How do the large marine mammals manage to sleep without drowning?

Some sleep out of the water, and some may not sleep at all. The furred or hairy aquatic mammals in the Pinniped order (like seals) have a variety of interesting adaptations that permit them to spend a comparatively long time under water sometimes at considerable depths, according to the Encyclopedia of Mammals.

            However they rise frequently to breathe and emerge from the ocean to sleep, relax, molt, mate and reproduce on a sandy beach or rock above the water.

            The situation is less clear for cetaceans (whales) and sirenians (sea cows and manatees). The whales evolved from land animals that returned to the sea, millions of years ago.

Though whales come to the surface to breathe air into their lungs, they can spend a long time between breaths, up to an hour in   some species, and spend nearly all their lives under water. However, whales learned to hold their breath so well that they lost their involuntary breathing mechanism and must be conscious to continue to breathe. Not only would a reflex have to take care of breathing, he said, it would have to take them to the surface for air.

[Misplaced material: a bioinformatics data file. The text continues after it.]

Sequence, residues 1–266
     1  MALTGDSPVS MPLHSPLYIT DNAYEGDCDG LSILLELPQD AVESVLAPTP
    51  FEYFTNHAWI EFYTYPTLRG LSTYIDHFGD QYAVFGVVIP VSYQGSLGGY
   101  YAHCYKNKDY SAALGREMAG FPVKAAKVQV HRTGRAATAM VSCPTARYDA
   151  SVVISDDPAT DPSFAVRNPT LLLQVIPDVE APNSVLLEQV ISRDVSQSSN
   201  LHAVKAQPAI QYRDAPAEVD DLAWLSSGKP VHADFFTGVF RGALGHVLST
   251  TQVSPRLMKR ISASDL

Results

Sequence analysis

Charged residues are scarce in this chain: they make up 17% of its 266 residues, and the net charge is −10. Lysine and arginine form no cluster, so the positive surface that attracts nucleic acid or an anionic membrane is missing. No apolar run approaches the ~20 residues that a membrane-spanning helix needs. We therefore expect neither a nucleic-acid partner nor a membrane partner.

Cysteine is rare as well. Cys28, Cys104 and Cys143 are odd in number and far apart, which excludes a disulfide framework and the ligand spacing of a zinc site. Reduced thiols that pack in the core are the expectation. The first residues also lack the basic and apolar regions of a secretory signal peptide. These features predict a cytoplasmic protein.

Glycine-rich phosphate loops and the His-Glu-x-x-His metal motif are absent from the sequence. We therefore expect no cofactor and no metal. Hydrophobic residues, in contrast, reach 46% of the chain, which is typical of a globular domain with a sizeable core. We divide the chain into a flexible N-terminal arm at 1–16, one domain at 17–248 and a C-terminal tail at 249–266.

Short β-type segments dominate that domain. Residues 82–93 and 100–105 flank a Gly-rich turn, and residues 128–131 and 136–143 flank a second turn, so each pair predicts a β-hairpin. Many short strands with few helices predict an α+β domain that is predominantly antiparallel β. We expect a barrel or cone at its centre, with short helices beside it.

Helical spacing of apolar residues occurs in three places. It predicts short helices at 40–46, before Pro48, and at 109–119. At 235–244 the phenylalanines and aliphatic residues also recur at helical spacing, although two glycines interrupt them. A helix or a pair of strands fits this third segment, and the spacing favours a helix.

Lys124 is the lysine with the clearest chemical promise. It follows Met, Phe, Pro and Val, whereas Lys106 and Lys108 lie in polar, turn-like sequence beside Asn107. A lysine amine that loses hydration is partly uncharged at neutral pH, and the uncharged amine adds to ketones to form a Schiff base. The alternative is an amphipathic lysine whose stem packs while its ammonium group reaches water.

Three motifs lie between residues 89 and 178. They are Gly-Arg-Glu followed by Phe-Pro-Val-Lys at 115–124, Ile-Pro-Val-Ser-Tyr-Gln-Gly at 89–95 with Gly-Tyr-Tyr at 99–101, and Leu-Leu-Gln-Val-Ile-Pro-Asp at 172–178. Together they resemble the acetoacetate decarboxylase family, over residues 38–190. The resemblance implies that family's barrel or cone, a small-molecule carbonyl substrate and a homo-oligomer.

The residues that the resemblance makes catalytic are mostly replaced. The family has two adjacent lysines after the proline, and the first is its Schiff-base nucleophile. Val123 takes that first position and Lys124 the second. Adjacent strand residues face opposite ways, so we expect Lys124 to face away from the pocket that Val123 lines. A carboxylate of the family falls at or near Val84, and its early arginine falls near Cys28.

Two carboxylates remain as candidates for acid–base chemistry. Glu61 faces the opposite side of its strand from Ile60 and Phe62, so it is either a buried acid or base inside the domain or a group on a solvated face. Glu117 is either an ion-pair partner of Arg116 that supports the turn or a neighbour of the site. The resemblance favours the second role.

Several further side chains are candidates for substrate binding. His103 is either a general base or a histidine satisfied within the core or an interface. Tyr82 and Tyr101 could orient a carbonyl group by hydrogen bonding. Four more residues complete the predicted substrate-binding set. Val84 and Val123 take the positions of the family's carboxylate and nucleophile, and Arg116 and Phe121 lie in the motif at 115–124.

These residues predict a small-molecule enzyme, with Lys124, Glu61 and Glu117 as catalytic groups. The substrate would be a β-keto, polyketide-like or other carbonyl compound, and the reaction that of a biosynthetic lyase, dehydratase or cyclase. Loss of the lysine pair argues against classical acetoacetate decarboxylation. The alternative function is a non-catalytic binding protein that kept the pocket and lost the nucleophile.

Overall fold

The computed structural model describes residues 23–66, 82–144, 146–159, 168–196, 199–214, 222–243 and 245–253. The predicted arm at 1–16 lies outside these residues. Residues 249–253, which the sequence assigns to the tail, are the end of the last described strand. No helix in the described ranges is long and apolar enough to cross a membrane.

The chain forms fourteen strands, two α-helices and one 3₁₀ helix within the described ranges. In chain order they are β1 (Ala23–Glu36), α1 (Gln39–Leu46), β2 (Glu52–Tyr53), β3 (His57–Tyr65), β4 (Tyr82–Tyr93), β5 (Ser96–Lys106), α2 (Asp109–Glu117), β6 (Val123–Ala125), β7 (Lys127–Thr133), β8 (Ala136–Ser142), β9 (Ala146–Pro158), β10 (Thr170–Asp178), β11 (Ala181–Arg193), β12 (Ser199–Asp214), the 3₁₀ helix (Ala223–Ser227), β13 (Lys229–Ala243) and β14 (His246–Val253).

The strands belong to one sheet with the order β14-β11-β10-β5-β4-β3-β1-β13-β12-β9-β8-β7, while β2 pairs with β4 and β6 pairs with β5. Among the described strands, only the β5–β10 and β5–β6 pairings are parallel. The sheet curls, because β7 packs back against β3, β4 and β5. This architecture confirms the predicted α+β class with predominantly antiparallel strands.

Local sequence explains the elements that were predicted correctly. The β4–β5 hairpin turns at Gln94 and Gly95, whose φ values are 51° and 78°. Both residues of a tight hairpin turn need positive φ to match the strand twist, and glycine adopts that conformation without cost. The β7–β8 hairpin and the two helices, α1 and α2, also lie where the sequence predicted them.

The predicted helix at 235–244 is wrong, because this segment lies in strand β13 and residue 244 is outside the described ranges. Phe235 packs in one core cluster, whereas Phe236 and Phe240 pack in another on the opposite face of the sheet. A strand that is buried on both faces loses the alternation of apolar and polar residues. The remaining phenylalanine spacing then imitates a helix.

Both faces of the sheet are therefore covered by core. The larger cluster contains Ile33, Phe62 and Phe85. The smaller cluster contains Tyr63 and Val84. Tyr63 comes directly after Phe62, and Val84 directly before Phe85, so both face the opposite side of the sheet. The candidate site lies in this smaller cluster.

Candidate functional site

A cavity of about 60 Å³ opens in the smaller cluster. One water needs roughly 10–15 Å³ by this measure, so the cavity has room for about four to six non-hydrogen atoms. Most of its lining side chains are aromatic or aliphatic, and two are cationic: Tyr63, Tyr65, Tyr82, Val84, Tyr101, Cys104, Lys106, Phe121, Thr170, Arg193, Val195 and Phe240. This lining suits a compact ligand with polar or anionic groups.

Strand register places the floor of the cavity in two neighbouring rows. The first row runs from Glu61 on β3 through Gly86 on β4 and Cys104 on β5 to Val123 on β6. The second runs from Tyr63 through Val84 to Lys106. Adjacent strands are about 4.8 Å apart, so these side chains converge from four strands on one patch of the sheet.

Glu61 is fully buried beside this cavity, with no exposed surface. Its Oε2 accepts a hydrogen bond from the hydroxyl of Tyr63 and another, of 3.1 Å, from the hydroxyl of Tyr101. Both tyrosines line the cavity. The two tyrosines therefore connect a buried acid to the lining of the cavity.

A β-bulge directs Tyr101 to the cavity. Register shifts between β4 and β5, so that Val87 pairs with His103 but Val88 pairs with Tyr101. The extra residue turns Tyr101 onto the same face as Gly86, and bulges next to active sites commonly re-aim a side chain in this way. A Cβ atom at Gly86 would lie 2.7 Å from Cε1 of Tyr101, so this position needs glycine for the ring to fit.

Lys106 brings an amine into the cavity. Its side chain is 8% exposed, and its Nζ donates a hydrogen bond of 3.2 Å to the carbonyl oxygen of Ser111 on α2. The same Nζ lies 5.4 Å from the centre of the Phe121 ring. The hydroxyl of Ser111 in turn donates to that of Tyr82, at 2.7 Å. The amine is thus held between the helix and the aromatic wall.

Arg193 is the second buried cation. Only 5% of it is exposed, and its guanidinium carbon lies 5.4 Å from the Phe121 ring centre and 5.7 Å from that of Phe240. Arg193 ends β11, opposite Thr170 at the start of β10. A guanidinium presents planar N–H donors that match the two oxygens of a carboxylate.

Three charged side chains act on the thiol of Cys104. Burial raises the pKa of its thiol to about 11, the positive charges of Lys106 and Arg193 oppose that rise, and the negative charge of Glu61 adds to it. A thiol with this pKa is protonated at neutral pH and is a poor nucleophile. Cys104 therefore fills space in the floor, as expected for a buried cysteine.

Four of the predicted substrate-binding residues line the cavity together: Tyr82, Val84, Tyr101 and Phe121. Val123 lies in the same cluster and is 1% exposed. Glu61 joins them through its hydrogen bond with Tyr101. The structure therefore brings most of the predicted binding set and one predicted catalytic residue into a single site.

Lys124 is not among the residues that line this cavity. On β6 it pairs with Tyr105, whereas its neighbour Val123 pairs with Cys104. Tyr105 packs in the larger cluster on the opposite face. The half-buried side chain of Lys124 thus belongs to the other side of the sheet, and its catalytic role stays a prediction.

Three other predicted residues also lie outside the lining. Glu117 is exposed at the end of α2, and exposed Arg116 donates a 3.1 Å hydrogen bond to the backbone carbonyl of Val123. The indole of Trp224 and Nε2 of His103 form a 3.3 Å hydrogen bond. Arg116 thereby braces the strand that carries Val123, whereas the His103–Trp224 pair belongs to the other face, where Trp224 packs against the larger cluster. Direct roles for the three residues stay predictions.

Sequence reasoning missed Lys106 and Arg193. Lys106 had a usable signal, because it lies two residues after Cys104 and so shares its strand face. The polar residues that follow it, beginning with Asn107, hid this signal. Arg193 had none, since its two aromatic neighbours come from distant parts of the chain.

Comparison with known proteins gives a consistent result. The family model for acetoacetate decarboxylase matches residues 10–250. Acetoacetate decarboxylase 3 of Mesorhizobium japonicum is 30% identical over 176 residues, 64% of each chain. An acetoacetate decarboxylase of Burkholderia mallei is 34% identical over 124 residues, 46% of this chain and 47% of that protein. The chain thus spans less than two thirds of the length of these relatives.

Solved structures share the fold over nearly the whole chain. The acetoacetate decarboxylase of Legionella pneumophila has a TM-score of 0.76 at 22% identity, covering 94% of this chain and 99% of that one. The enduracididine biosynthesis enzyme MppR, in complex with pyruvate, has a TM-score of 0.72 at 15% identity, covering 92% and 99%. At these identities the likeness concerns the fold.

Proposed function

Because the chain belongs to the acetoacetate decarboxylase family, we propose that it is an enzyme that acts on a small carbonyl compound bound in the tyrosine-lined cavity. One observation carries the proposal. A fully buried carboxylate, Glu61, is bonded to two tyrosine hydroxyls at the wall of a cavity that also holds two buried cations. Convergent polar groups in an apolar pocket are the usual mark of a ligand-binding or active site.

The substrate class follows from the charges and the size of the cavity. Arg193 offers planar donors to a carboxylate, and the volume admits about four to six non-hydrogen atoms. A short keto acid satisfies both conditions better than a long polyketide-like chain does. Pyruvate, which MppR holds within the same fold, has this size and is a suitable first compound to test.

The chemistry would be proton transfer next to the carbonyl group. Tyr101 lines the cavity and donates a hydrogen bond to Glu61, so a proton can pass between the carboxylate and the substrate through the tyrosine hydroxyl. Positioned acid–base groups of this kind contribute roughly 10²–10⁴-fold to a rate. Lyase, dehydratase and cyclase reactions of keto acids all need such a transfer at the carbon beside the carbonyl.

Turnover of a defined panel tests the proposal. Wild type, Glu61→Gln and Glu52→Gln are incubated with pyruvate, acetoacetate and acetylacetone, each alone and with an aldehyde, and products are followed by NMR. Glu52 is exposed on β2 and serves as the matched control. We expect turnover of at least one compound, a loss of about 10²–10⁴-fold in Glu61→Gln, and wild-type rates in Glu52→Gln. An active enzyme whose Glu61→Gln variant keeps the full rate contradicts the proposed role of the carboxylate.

Also, the blow hole automatically closes and must be opened voluntarily by the whale. Whales would drown if they fell asleep or were knocked unconscious. Sea cows and manatees tend to live in warm, calm, shallow, vegetation-rich waters where they can float lethargically at or near the surface.   They have an extremely low metabolic rate, do not expend much energy to regulate body temperature and require little oxygen.

Manatees may sleep or rest supported by the bottom. When they hold their breath, large blubber deposits and natural buoyancy let them float at the surface and engage in a resting behaviour, though not an unconscious sleep.